• Rob Zombie
  • 2007

Has it really come to this? One of the truly iconic slasher villains is brought back to life in a remake of the John Carpenter’s Halloween (1978). Along with Jason Voorhees and Freddie Kruger, Michael Myers has long been tormenting teenagers to thrill audiences for decades in mindless sequels to the infamous originals. With a couple of grizzly horror movies under his belt in the form of House of 1,000 Corpses and The Devil’s Reject, heavy metal musician-turned-filmmaker Rob Zombie had a stab at a new origins story for Myers. It’s got all the elements of the horror classic, but none of the lasting character that made it so popular.

Zombie has proven himself capable of depicting gruesome monsters and gory murders — two things that any good horror movie must have. However, with Halloween he really needed to justify why we would want to see a new rendition of a film already overexposed by dire sequels. What does he do? Attempt to suggest why the 10-year-old Myers (Daeg Faerch) became the crazed killer through a tedious 45 minutes of misery.

At home all Myers enjoys is wearing a clown mask and killing small animals such as cats, rats and mice; his mother is a stripper, his teenage sister is a slut and there’s a vile old man who lives there too for some unknown reason (all we are told is he isn’t his dad). When at school he is bullied about his mum’s job and gets into trouble on a regular basis so it’s no surprise he’s feeling a bit angry — the only person he does like is his baby sister. When left to go trick-or-treating alone while his older sister cops off with her boyfriend, it’s the final straw. Myers takes up a knife and murders the sexed-up pair and nasty elder in brutal fashion. Institutionalised, he is treated by Dr. Sam Loomis (Malcolm McDowell) to try to cure his psychopathic tendencies but the doctor fails leading to Myer’s mother to commit suicide. 15 years later, a hulking and silent Myers (now ex-wrestler Tyler Mane) breaks out of police custody on a routine transfer and proceeds to hunt down baby sister Laurie (Scout Taylor-Compton), hacking through all who get in his way.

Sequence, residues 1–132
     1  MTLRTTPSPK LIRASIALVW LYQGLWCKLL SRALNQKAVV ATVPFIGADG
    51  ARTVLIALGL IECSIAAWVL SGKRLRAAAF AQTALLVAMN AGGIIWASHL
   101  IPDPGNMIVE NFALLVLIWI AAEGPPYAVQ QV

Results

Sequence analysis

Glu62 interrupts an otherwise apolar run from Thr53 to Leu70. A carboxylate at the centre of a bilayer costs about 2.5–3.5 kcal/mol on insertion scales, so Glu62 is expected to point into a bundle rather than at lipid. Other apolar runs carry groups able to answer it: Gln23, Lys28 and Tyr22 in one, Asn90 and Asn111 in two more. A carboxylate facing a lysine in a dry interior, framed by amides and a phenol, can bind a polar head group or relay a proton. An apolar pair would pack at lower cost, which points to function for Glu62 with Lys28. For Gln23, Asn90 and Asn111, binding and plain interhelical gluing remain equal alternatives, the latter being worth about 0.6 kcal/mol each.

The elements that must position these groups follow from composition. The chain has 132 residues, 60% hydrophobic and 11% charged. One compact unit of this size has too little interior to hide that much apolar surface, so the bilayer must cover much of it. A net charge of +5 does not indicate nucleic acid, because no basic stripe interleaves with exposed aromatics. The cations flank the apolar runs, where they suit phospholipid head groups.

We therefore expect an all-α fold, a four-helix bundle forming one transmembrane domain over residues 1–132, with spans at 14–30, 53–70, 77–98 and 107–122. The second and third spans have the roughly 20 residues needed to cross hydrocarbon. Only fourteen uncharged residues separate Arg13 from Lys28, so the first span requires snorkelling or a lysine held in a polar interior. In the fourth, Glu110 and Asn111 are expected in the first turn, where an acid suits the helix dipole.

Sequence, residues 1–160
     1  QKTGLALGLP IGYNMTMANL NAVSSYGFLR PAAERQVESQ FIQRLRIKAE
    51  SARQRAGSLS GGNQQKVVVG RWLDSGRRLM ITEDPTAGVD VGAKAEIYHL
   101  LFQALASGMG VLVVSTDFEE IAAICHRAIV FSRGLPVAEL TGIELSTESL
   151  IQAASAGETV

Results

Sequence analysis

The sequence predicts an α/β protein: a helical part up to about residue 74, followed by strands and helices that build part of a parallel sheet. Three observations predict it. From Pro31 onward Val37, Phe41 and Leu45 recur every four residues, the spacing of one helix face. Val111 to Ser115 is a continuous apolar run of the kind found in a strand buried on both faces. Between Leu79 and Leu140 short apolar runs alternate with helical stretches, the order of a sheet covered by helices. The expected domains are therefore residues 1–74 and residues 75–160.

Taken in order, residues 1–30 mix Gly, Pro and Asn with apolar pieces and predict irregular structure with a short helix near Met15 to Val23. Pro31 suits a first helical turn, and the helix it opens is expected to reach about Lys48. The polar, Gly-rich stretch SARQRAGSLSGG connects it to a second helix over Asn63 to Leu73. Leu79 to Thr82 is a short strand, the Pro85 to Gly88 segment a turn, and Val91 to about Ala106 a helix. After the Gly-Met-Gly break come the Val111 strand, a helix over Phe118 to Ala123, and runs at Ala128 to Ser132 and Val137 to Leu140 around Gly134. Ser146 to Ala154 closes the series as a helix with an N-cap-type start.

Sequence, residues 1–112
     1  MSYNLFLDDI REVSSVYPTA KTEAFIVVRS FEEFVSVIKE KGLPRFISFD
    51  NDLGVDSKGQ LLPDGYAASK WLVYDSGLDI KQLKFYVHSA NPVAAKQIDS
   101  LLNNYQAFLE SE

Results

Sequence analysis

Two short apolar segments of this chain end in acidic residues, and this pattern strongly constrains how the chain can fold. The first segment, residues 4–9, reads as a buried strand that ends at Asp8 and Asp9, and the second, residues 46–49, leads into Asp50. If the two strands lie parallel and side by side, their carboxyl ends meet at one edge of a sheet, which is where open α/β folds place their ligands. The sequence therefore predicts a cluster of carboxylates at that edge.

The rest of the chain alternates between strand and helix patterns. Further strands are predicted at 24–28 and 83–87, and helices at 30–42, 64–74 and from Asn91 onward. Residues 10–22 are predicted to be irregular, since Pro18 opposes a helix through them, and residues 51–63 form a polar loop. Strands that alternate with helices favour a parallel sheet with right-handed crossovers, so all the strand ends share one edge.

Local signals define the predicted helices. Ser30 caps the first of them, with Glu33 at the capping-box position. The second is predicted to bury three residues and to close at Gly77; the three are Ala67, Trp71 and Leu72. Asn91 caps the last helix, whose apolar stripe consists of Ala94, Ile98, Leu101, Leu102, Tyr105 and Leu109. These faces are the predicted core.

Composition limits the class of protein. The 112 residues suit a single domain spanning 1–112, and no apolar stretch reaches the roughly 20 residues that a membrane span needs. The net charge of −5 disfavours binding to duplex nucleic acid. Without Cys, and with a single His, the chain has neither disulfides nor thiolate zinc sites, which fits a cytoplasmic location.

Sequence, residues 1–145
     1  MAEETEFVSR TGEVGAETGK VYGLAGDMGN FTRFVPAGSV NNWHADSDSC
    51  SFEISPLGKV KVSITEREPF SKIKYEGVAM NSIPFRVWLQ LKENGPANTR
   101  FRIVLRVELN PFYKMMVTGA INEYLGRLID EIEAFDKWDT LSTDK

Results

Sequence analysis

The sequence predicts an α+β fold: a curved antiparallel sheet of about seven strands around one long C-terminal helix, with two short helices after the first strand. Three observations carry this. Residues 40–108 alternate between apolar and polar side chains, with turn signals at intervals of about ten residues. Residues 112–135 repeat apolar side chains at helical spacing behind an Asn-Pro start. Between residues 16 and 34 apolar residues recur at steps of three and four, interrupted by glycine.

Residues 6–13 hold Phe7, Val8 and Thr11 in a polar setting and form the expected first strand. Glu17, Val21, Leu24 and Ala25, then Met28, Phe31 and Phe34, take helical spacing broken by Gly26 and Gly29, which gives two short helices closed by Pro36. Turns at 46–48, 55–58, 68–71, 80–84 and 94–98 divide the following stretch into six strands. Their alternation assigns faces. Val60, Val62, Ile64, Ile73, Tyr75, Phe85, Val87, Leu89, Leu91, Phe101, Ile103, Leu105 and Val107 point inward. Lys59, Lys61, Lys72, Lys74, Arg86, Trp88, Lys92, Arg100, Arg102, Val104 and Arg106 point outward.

Zombie has overlooked how ridiculous every line he has re-written for this movie sounds.

The whole process of building in this backstory for Myers seems intended to show how a boy can become completely “evil” and attempt to ground his vengeance in reality: Dr. Loomis even writes a book about Myers and launches it with a conference just so we understand the extent of his moral decay. The problem is, Zombie has overlooked how ridiculous every line he has re-written for this movie sounds. Dr. Loomis calls Myers his “best friend” while a rather embarrassed-looking Danny Trejo, who plays Myers’ minder, cries “I was good to you Mikey” as the grown up hulk dunks his head in a sink full of water. It’s all so laughable that you will be aching for the masked-up, knife wielding Myers to get on the murder trail.

When he finally does, Zombie leaves behind the gritty realism he seemed to be aiming for and resorts to brainless blood, guts and teenage sex. There is no time for suspense or atmosphere, just the sudden appearance of Myers followed by very quick deaths. Questions such as how did the 10-year-old Myers know to hide a mask and knife under the floorboards of his home, how he can stand around the neighbourhood spying on girls with no one realising how odd he looks and how he knows Laurie is his sister all fall by the wayside so they don’t get in the way of the bodycount.

This new Halloween is a pointless exercise, wasting decent acting talent (also including Dawn of the Dead’s Ken Forre who makes a ill-advised cameo) and further souring the franchise. Zombie should stick to his own moviemaking path rather than mess with the legacy of others.

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